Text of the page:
How to Be an Antiracist

This is a lucid, steady journey through the meaning of both racism and antiracism. Kendi begins with his own personal history of racism and then marches the reader through his path as he identifies what racism is, breaks it down into its constituent parts, and points out all the ways you can oppose it—one step at a time. The effect is like watching someone polish a dark glass: as it becomes clearer, you can see more and more through it, until soon the glass vanishes entirely. Not only a great and instructive read, but a useful reference.

Reading notes

No other way

There have been dozens—hundreds, more—variations of this point but it bears repeating:

Since the 1960s, racist power has commandeered the term “racist discrimination,” transforming the act of discriminating on the basis of race into an inherently racist act. But if racial discrimination is defined as treating, considering, or making a distinction in favor or against an individual based on that person’s race, then racial discrimination is not inherently racist. The defining question is whether the discrimination is creating equity or inequity. If discrimination is creating equity, then it is antiracist. If discrimination is creating inequity, then it is racist. Someone reproducing inequity through permanently assisting an overrepresented racial group into wealth and power is entirely different than someone challenging that inequity by temporarily assisting an underrepresented racial group into relative wealth and power until equity is reached.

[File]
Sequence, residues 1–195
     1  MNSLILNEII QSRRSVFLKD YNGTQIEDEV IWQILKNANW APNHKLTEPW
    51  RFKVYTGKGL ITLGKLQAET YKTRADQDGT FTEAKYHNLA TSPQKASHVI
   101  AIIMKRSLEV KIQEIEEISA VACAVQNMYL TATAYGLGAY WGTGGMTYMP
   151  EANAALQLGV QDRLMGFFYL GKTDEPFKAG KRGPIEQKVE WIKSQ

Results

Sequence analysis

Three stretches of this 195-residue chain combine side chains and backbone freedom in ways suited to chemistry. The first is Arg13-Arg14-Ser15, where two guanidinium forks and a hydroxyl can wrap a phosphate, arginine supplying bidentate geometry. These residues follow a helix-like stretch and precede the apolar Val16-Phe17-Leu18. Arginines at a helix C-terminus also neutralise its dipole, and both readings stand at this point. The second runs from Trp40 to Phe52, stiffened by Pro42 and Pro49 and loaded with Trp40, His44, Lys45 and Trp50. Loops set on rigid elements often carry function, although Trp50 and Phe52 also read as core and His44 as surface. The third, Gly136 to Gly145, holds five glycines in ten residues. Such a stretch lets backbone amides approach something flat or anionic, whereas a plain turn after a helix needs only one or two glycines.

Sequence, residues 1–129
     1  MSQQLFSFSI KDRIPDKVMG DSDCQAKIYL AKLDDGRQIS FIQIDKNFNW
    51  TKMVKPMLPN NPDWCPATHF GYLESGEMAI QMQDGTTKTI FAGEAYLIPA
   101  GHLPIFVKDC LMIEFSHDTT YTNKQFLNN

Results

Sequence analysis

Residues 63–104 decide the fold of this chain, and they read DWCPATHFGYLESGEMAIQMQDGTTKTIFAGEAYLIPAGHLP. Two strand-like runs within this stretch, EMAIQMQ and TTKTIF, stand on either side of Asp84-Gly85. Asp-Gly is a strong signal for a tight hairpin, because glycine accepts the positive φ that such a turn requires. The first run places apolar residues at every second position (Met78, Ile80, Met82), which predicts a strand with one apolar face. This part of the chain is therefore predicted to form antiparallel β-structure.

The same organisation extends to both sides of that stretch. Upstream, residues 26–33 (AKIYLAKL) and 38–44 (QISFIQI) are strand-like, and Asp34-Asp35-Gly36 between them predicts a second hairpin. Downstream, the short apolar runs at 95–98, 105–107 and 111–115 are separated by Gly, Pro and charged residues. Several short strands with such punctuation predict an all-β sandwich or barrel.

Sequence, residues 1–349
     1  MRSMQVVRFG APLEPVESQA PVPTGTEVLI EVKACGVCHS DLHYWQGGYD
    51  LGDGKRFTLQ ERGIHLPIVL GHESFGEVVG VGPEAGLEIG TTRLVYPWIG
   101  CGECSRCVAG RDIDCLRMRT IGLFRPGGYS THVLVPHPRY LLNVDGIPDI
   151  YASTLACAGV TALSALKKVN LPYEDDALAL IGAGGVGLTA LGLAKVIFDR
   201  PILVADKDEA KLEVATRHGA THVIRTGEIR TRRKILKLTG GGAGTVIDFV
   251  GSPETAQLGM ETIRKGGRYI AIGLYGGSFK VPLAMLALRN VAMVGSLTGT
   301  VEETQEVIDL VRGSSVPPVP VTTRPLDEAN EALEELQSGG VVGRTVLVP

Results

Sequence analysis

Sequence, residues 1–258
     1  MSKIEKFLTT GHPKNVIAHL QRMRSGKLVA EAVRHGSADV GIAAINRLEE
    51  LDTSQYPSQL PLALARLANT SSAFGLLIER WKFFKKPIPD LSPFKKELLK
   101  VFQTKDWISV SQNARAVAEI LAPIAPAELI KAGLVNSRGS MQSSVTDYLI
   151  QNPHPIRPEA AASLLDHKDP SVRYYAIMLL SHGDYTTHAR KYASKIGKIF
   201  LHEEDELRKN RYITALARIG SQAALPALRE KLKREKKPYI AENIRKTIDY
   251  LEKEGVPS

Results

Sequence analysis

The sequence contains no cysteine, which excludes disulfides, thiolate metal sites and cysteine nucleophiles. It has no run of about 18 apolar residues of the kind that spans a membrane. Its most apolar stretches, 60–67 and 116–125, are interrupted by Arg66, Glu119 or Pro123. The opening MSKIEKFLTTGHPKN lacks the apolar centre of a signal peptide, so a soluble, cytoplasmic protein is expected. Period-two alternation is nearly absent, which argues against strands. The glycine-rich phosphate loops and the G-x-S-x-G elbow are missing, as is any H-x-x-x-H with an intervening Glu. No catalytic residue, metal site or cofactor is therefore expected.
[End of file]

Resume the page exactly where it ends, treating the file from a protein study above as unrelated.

The only remedy to racist discrimination is antiracist discrimination. The only remedy to past discrimination is present discrimination. The only remedy to present discrimination is future discrimination. As President Lyndon B. Johnson said in 1965, “You do not take a person who, for years, has been hobbled by chains and liberate him, bring him up to the starting line of a race and then say, ‘You are free to compete with all the others,’ and still justly believe that you have been completely fair.” As U.S. Supreme Court Justice Harry Blackmun wrote in 1978, “In order to get beyond racism, we must first take account of race. There is no other way. And in order to treat some persons equally, we must treat them differently.”

Kendi, How to Be an Antiracist, page 19

If you’ve done any kind of “diversity” work in your job, you run up into this challenge head first: the present interpretation of the law says that any weighing of the scale is out of bounds. But of course, that interpretation serves to preserve the (racist and patriarchal) status quo. What’s left is to work out how to effect change in a system determined never to evolve.